Friday, June 30, 2017

Erie Canal at 200: links

As July 4 is the 200th anniversary of the groundbreaking of the Erie Canal, a number of articles and posts have appeared lately about the canal's history and DeWitt Clinton. Some links are below. My book on the subject will be out later this year, mixing history with family history as DeWitt Clinton is a direct ancestor of my wife and son; and featuring extensive photos of what you see now as you travel the canal's historic and modern paths. More to come about the book in the next couple months.

News flash: Clinton Street was NOT named for Hillary Clinton (Chicago Sun Times)

200 Years on the Erie Canal (Commentary magazine)

200 Years Ago, Erie Canal Got Its Start as Just a ‘Ditch’ (NY Times)

New York's Erie Canal: How a 200-year-old ditch made the Empire State (

What Donald Trump said about the Erie Canal (Rochester Democrat and Chronicle)

Sunday, June 25, 2017

Review: Into the Gray Zone

Adrian Owen's new book Into the Gray Zone: A Neuroscientist Explores the Border Between Life and Death is a fascinating and surprising book. I was surprised by the evidence discussed in it that some people who are deemed to be in a vegetative state actually experience the world around them, and can even communicate with the aid of advanced technologies and clever techniques. For example, Owen and his team asked seemingly unconscious patients to respond to questions yes or no by thinking about playing a game of tennis or walking through their own house, thoughts that generate distinct patterns of brain activity that can be scanned.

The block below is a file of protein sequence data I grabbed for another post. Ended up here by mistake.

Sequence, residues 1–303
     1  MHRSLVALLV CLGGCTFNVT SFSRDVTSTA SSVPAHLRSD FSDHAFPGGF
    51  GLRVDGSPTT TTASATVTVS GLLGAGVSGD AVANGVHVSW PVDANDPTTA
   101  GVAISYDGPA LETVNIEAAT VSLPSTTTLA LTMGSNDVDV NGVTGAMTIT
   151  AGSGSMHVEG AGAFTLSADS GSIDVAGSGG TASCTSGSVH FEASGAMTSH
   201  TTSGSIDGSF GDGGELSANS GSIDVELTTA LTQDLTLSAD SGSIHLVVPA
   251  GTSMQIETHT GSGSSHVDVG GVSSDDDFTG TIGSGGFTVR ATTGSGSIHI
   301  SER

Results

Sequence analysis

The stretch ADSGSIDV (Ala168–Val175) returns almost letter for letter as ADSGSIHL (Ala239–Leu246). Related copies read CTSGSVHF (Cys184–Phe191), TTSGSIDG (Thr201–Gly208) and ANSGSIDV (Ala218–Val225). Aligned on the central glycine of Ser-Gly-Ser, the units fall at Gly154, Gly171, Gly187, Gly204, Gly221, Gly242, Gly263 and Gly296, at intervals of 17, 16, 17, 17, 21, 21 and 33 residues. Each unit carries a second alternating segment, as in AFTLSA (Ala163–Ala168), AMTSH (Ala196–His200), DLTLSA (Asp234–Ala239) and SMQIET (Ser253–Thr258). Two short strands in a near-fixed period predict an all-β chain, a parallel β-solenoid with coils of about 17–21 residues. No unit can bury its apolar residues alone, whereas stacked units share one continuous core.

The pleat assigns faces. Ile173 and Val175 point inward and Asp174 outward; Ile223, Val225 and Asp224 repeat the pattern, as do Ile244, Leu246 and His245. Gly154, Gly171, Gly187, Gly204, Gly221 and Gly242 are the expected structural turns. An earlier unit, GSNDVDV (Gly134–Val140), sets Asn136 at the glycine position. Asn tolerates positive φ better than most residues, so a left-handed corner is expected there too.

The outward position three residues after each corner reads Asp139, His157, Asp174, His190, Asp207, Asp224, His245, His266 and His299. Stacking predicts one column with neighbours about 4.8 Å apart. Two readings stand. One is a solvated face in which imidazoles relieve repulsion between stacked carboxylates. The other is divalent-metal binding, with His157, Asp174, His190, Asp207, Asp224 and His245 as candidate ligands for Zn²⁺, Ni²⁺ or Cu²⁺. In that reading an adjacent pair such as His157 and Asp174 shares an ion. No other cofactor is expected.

Such evidence of consciousness has both hopeful and disturbing implications--opening possibilities that people though to be irretrievably lost may not be so, and may have a heightened prospect of recovery; while also raising concerns about previously unsuspected suffering. Here we have both cutting-edge science and clinical ramifications that may profoundly impact people's lives. Owen tells a remarkably personal story about his work and the people he's met. A key figure in the book is Maureen, his onetime girlfriend, who pressed him to focus his science on helping people--and who later had an accident that left her in a vegetative state.

Into the Gray Zone also edges into philosophical and speculative territory, about the nature of consciousness and free will, and about how future technologies will peer into the brain or extend its powers. This book offers much to think about, and I expect it will get considerable attention.